Police seized the guns of a 70-year-old army veteran after the courts deemed him “mentally defective.”
Don Hall told police that he had never had mental issues when they arrived at his upstate New York home. They still left with four long guns and two pistols. The police referenced New York state’s Secure Ammunition and Firearms Enforcement Act before leaving, as Fox News reports.
“I’ve never been in trouble in my whole life and never done anything,” said Hall to Fox News.
It turns out that a hospital worker reported Hall to the New York Office of Mental Health in a program set up under the Brady Handgun Violence Prevention Act.
Hall hired a lawyer and got his guns back after proving to the courts that he had never had mental issues. He managed to prove hospital staff mistook him for another patient.
There have been more cases across the United States of the government taking away legally obtained firearms. The reason can be traced back to the SAFE Act, implemented in 2013 after the Sandy Hook Elementary School shooting.
New York’s Secure Ammunition and Firearms Enforcement (SAFE) Act website contains a blurb from Gov. Mario Cuomo that states:
“The SAFE Act stops criminals and the dangerously mentally ill from buying a gun by requiring universal background checks on gun purchases, increases penalties for people who use illegal guns, mandates life in prison without parole for anyone who murders a first responder, and imposes the toughest assault weapons ban in the country. For hunters, sportsmen, and law abiding gun owners, this new law preserves and protects your right to buy, sell, keep, or use your guns.”
Similar laws in other states have led to other gun seizure controversies. In a highly publicized case, the biggest gun seizure ever, 500 guns and 100,000 rounds of ammunition, were seized from a California home in 2015. Authorities eventually had to return the entire stash. The owner claimed he was never informed that he was added to a database prohibiting him from owning guns, as reported by the Miami Herald.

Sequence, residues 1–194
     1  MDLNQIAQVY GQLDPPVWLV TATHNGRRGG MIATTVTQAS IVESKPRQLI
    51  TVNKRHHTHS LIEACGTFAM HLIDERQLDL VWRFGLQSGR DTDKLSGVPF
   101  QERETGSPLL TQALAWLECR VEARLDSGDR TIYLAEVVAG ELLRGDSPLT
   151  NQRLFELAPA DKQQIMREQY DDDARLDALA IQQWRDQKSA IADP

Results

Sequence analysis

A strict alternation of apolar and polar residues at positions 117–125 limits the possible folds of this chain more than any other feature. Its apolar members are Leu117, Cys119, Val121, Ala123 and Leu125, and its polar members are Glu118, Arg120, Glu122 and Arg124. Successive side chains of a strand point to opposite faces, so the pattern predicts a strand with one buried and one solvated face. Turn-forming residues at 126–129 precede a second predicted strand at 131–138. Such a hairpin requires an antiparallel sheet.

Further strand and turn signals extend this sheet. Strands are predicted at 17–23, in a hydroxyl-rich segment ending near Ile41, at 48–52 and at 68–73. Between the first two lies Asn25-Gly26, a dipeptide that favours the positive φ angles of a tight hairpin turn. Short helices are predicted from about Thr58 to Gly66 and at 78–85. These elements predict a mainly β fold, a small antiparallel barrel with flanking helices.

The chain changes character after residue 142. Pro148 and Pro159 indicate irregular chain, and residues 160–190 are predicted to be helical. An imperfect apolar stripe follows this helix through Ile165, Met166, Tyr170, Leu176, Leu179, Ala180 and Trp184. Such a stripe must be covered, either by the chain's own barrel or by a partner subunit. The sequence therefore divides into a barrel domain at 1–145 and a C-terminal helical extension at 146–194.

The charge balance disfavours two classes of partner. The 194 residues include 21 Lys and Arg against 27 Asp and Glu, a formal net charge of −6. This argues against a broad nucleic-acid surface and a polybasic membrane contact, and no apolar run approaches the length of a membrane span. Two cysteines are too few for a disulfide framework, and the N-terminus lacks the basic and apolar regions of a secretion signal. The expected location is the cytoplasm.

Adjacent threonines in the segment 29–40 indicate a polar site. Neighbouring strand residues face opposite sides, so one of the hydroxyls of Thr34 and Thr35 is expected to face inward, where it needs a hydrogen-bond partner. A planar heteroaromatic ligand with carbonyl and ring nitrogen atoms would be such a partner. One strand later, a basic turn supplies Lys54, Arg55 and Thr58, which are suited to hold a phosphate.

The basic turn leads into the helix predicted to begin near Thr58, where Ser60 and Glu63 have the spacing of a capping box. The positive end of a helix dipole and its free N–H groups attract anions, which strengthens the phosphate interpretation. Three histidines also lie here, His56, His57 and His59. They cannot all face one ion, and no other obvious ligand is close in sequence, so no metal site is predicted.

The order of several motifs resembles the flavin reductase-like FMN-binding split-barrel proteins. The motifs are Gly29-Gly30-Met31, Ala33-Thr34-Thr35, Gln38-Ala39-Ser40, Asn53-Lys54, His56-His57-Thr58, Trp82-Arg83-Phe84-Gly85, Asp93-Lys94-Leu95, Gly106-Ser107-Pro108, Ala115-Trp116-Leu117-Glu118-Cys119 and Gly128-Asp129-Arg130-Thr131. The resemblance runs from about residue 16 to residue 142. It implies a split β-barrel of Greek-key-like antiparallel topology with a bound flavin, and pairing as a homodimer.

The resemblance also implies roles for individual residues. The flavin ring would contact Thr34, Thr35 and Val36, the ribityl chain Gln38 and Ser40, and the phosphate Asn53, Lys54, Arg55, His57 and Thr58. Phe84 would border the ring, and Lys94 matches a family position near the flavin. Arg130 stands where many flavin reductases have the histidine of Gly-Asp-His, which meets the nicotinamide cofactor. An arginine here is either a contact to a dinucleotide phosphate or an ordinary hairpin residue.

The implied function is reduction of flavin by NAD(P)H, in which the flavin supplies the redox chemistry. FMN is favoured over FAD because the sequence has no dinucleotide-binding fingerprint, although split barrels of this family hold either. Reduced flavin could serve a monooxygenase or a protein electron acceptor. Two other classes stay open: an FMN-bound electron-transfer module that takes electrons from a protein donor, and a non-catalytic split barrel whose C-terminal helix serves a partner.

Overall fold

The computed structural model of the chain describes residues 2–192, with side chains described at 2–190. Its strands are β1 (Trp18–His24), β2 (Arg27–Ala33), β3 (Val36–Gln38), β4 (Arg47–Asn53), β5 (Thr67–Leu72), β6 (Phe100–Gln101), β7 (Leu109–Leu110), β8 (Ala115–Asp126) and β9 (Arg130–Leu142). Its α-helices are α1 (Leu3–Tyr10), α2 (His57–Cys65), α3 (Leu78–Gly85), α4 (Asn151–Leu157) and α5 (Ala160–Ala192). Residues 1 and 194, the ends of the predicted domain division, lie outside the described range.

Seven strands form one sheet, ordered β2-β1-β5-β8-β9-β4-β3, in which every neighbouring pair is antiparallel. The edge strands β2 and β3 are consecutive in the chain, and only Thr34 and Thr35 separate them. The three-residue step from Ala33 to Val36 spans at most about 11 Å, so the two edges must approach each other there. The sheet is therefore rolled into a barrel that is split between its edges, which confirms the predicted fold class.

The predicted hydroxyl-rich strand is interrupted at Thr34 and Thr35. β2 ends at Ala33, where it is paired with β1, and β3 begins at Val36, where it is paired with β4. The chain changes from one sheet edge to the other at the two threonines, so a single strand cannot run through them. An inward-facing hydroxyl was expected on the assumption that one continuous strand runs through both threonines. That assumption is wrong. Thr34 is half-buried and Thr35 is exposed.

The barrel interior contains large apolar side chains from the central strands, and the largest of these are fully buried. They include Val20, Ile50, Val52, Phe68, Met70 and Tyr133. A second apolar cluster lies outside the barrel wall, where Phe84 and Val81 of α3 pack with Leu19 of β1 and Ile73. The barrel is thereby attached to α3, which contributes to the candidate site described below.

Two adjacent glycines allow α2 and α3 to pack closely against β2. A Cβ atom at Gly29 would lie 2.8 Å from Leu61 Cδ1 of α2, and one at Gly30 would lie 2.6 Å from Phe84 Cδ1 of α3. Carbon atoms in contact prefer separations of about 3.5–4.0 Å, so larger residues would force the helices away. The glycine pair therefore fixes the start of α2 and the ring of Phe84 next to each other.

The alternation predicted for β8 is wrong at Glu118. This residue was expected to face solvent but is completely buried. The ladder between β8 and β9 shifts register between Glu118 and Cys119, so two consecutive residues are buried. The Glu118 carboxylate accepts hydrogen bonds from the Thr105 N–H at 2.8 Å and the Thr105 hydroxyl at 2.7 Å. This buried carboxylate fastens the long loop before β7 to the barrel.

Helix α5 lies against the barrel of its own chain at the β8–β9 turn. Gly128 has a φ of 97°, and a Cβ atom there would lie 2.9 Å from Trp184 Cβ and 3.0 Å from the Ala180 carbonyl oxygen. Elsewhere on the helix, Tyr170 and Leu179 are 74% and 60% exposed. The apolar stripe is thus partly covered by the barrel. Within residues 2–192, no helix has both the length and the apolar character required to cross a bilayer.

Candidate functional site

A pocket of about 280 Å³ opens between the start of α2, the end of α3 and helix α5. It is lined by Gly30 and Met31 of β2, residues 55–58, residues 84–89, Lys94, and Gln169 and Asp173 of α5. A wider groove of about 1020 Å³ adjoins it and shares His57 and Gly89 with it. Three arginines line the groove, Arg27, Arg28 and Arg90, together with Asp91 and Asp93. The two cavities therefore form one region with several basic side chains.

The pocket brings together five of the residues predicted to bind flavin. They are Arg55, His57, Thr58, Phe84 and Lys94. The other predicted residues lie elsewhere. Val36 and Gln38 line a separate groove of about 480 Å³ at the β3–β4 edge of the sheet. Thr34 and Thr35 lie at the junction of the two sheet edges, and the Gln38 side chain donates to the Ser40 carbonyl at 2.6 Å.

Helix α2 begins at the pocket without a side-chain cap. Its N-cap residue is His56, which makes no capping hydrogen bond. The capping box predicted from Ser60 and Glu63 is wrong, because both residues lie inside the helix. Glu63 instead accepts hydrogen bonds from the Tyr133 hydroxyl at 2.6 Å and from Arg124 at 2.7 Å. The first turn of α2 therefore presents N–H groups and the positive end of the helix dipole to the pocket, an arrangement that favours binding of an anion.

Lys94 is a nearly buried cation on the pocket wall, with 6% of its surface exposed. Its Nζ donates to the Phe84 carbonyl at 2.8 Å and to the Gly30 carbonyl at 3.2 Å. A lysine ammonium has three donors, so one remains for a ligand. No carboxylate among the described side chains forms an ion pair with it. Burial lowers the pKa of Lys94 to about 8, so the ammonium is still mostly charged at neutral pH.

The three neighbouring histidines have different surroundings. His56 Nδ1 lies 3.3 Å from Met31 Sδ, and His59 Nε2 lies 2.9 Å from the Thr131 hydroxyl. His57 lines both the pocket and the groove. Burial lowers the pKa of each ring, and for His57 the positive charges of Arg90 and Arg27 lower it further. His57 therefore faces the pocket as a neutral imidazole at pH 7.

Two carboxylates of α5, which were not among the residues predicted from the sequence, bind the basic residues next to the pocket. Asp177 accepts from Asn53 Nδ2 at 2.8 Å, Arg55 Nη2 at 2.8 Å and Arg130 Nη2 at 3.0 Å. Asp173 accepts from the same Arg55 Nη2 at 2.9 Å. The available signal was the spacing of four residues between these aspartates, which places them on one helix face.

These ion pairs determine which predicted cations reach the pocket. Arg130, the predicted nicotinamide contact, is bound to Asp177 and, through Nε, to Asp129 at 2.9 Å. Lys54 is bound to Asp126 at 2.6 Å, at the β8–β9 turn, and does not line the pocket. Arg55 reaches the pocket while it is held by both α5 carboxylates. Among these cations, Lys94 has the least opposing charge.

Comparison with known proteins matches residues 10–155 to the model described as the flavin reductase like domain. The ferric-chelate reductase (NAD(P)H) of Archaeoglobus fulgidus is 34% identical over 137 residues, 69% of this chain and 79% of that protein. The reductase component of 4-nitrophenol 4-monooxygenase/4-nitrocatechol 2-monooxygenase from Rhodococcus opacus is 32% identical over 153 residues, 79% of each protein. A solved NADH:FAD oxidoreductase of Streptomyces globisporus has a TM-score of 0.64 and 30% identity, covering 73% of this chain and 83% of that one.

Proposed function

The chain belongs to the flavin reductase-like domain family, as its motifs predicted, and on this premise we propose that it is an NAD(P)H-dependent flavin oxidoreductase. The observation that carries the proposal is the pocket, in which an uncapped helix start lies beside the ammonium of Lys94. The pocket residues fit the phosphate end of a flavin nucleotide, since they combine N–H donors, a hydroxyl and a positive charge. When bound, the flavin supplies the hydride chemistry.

President Donald Trump scrapped a bill that required those receiving any mental health disability benefits be on a national gun background-check database. The law was seen as too overarching, considering that even people with eating disorders could be included.
In some cases guns are seized because of legal action that imposes restrictions on gun ownership. One woman had her guns seized after her husband filed a protection order against her. She had to fight just to get due process to plead her case when authorities seized her weapons. She is still in the process of getting her guns returned even though there was no specific order by the courts that they needed to be confiscated in the first place.
One man had a collection of family heirloom guns that were seized in 2010. Even after court orders to return the guns, police still did not return the weapons. Only after the National Rifle Association and California Rifle and Pistol Association helped him file a federal case could he get money for the confiscated weapons. The weapons themselves had already been destroyed by then.